Mere Christianity by C.S. Lewis – A Book Review

Originally a series of talks given over the radio to the people of England during WWII, this collection of said dialogue explains in laymen’s terms what Christianity is and why C.S. Lewis, originally a non-believer, eventually came to Christ.  It does not give his personal story, mind you, but rather is a mixture of philosophical lectures and entertaining anecdotes as to why Christianity is a valid belief. 

Beware, this is not a light reading romp.  I found myself concentrating diligently to follow his ideas and contemplations.  In the end, I thought he did a superb job of explaining why he believes what he believes, and why everyone else should as well.  Never does he take a condescending tone, and always he appeals to the heart as well as the intellect. 

C.S. Lewis has long been considered one of the most highly respected Christian writers of the last few centuries and I’d have to agree.  However, I have a great deal of trouble believing the “common man” followed his talks on an intellectual level during the time period it originated, but perhaps I’m looking at that from a 2005 perspective.  Perhaps people were more willing to listen to complicated lectures then than they are now.   

If you are a Christian needing a contemporary view on your beliefs to serve a purpose much needed, or if you are a non-Christian just wanting to know what it is all about but without the usual stories and Scripture, then I highly recommend this book.  Put your thinking caps on though, ladies and gentlemen, this one requires intense focus.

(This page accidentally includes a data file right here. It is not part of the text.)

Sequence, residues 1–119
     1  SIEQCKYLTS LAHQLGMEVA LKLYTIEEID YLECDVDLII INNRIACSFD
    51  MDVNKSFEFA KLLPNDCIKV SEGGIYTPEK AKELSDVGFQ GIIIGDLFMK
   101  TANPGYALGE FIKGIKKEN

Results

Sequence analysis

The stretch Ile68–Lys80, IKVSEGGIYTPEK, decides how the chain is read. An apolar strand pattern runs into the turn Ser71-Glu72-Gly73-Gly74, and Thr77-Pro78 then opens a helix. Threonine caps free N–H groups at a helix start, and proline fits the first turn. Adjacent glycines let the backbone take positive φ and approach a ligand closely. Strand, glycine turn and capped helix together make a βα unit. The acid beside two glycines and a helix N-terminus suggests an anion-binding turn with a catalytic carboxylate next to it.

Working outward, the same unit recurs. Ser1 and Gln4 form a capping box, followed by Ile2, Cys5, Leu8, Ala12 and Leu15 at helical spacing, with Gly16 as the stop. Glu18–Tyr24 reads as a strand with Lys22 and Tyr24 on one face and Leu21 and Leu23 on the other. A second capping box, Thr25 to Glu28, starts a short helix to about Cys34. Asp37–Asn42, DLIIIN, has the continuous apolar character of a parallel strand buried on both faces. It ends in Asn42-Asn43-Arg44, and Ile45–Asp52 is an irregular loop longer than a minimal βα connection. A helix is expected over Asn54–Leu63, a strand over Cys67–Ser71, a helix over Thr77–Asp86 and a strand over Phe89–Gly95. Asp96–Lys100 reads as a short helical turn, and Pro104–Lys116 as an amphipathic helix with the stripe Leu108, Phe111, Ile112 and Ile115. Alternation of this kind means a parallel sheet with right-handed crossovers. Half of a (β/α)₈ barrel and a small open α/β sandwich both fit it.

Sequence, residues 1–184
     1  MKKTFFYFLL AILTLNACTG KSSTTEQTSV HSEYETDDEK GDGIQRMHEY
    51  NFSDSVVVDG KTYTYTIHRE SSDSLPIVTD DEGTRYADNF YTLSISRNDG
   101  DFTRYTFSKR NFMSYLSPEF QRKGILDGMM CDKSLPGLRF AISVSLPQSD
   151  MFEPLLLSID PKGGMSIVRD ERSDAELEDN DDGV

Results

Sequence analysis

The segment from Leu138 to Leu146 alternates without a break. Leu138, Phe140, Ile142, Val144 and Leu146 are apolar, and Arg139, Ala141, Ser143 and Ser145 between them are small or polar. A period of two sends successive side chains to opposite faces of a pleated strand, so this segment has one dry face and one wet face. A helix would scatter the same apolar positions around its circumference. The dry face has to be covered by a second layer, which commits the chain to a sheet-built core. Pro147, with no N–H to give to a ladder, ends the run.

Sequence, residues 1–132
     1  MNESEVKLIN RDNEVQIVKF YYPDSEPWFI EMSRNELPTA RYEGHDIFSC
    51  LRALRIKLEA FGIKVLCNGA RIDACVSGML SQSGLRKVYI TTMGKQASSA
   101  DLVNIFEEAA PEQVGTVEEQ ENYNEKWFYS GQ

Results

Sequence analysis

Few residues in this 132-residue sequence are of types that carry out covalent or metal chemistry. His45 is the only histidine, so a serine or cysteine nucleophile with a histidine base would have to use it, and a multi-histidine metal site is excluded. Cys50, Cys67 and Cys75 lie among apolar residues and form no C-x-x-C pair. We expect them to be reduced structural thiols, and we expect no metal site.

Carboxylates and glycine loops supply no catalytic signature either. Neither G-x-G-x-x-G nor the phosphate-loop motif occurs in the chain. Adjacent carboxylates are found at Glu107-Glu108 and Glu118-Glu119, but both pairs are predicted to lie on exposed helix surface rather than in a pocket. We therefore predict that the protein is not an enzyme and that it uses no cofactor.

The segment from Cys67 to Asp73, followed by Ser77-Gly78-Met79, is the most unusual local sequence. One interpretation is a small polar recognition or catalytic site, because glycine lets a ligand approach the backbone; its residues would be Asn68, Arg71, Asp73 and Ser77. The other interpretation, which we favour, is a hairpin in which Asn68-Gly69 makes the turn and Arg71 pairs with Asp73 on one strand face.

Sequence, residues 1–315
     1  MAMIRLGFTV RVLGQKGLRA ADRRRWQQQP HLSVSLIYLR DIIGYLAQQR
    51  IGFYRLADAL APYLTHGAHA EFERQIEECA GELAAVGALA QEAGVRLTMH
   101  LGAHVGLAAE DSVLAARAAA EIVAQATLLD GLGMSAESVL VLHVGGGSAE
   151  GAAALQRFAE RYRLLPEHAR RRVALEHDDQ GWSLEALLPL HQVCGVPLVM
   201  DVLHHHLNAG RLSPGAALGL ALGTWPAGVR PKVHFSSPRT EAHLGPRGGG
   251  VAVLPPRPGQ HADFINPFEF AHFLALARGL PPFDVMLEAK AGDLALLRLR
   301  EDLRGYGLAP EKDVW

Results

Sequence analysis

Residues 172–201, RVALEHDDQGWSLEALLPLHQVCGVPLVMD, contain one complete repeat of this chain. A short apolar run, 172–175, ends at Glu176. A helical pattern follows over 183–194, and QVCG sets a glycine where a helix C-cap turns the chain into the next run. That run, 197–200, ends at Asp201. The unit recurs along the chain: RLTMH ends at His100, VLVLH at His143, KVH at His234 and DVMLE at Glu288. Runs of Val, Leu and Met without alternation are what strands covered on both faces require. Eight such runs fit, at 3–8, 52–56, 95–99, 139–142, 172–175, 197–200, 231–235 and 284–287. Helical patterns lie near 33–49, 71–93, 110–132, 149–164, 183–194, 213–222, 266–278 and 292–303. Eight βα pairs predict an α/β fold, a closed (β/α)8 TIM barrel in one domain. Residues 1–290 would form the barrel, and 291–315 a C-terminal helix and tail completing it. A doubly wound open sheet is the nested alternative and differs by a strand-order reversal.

The Final Solution by Michael Chabon – A Book Review

You don’t know how difficult this is for me, but I really and truly did not care for this book.  You must keep in mind that I’m a big Michael Chabon fan, I’ve even gone so far as to say he IS America’s greatest contemporary author.  But, The Final Solution simply did not ignite a spark for me on any level.

The Final Solution is a mystery story set in the United Kingdom during WWII, but I found the mystery about a missing parrot and a murdered traveler rather uninteresting and unimportant.  Furthermore, Chabon’s characters, which usually jump off the pages at me and shake my hand, did not inspire a connection whatsoever.  His two main characters, an old, retired detective, and a young, mute, boy who escaped the Nazi’s, while dynamic in concept, did not translate onto the paper like other Chabon characters have done in the past.

The Washington Post, New York magazine, and the New York Times all gushed over this novelette (among many, many more), but it didn’t do much for me.  I didn’t even find myself interested in structure or style, which is usually something I can find redeeming in any work I read.

So, while I urge you to check out Michael Chabon if you have not done so already, I wouldn’t recommend starting with this book.